Pierrot was a dreamer child,
Whose only friends were imaginary.
Until the day Mr. Fred entered his life,
With his invisible book…
Pierrot is now an adult, but he never forgot Mr. Fred, his first real friend. Every day, Mr. Fred would sit in the park and read an invisible book of stories. Every day, Pierrot would join Mr. Fred and listen to the wonderful stories he told.
One day, Mr. Fred did not come. However, before he died, he took care to pack his storybook— the real one!—for Pierrot.
Maybe one day he can memorize all the stories, too...
"French-Canadian children's books are often philosophical in nature, and this is especially true of picture books written for older children. The Fabulous World of Mr. Fred is a shining example. . . Lili Chartrand (Taming Horrible Harry) is known for her touching books. In Mr. Fred, she creates an imaginative, multi-layered fable about overcoming obstacles and taking chances. Parents and children will come away from it with different impressions: adults will identify with Mr. Fred, while children will be enchanted by the story's magic. The narrative does lose some of its charm in translation; though the English version is lovely, the French feels more cohesive.
"Gabrielle Grimard's watercolour, gouache, and oil-paint illustrations more than make up for any awkwardness in translation. The art flows gracefully across the page. Warm and touching, it perfectly complements the story's spirit.
"The French-language edition of this book (Le monde fabuleux de Monsieur Fred) was a finalist for the Québec/Wallonie-Bruxelles prize, a 2013 Governor General's Literary Award, and a Prix des libraires du Québec selection. Though the English version lacks some if the original's finesse, readers should still feel fortunate to live in a country where high-quality literature for children is being produced in both official languages. The Fabulous World of Mr. Fred begs to be shared among parents, grandparents, and children.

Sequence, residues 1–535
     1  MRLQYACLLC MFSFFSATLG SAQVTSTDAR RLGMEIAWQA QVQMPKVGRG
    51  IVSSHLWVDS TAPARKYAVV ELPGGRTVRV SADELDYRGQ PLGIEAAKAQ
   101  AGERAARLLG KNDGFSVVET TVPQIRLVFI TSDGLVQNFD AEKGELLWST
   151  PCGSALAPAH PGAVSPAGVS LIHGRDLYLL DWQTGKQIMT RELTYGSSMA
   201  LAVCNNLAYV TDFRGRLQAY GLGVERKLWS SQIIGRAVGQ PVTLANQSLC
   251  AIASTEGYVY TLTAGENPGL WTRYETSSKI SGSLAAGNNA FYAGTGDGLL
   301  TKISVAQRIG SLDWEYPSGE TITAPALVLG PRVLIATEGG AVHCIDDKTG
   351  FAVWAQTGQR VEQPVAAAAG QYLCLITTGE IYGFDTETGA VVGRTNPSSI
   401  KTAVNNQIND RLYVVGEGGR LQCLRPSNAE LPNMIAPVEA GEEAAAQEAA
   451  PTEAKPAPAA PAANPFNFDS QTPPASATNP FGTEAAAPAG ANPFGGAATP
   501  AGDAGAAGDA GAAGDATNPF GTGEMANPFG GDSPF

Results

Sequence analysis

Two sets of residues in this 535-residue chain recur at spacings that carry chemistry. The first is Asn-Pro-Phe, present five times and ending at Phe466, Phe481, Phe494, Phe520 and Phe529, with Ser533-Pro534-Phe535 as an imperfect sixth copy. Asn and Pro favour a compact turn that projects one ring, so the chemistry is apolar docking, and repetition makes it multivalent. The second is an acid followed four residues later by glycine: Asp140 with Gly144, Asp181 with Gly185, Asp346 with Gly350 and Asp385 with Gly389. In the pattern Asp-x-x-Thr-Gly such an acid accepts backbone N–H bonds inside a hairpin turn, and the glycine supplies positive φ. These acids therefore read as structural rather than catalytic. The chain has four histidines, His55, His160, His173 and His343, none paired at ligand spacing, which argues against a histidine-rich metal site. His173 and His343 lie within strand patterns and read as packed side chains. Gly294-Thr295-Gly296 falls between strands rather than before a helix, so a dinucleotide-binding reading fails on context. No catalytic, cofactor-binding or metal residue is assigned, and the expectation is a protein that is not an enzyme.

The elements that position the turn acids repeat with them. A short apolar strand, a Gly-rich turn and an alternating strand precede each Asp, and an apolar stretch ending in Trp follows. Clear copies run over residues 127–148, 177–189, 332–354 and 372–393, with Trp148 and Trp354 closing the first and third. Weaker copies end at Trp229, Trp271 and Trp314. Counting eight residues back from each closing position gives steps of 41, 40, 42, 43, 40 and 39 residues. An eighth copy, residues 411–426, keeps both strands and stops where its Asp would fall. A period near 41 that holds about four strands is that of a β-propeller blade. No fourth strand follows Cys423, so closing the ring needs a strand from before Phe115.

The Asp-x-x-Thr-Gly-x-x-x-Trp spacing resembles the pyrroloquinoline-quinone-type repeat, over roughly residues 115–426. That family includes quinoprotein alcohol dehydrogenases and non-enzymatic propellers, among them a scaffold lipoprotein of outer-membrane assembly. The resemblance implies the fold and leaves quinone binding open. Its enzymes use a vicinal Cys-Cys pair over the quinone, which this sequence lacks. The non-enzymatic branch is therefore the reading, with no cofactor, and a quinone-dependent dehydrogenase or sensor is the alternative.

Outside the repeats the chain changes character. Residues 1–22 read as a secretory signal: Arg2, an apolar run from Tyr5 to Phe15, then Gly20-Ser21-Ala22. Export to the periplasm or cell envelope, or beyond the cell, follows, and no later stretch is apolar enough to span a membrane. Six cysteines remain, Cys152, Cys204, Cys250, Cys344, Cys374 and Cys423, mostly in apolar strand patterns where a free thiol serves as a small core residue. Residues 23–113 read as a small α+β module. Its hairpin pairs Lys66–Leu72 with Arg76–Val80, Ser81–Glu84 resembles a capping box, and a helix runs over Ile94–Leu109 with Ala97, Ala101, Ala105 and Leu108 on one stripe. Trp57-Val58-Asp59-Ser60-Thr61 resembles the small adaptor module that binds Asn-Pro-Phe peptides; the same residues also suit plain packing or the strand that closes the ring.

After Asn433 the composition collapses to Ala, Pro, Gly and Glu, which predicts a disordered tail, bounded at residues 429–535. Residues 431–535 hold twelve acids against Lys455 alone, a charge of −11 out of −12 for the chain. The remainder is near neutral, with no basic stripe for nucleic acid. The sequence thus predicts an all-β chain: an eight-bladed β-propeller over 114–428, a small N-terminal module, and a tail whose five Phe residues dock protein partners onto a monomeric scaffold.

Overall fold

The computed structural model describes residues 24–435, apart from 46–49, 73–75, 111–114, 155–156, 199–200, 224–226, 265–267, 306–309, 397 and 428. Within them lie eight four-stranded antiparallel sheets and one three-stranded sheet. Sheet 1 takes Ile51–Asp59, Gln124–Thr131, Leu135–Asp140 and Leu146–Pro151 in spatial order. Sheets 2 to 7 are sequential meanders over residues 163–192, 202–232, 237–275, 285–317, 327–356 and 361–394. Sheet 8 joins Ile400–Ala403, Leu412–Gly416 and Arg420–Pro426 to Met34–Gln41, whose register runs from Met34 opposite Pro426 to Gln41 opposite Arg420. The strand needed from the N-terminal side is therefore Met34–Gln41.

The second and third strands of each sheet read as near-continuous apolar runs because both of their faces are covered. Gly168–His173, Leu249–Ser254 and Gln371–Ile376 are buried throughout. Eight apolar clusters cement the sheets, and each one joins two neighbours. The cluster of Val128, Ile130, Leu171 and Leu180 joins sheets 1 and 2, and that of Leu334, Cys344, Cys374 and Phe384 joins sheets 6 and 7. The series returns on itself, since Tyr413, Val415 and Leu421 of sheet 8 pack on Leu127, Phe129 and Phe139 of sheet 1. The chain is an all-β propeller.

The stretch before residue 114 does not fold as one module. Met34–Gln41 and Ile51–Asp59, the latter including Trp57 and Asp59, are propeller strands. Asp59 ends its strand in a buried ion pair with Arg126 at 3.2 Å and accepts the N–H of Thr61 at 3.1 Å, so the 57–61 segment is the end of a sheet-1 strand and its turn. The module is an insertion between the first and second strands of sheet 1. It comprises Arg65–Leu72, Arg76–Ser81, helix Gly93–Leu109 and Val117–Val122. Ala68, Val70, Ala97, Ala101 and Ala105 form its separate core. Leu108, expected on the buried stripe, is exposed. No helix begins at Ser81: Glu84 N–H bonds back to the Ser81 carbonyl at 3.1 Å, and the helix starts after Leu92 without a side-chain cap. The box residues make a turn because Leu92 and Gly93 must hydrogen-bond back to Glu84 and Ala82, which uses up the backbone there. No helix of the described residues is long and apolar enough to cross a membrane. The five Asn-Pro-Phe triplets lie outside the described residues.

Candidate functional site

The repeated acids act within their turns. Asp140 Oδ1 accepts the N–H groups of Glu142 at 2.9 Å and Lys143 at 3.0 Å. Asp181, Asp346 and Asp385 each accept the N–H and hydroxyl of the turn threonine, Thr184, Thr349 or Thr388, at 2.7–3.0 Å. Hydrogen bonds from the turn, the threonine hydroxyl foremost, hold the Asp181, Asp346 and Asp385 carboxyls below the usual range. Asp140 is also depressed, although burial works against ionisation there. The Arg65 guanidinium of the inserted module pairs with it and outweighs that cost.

— Quill & Quire
"The illustrations by Grimard are large, lively and imaginative. They bring the story off the page, with bold double page spreads and full bleed colour illustrations. Grimard creates Mr. Fred's world with long watercolour and gouache brush strokes, but also rounder shapes, often enveloping Mr. Fred and Pierrot in the world of dragons or colourful birds. The illustrations make it feel like there's so much more to the story than what we are seeing, and this allows readers to dream up other parts of Mr. Fred's magical world. One illustration that was particularly breathtaking was the image from Mr. Fred's memory of the house fire that takes his wife and son away from him, an illustration in which Grimard uses deep blues contrasted with blends of yellow and white extremely effectively."
— CM Magazine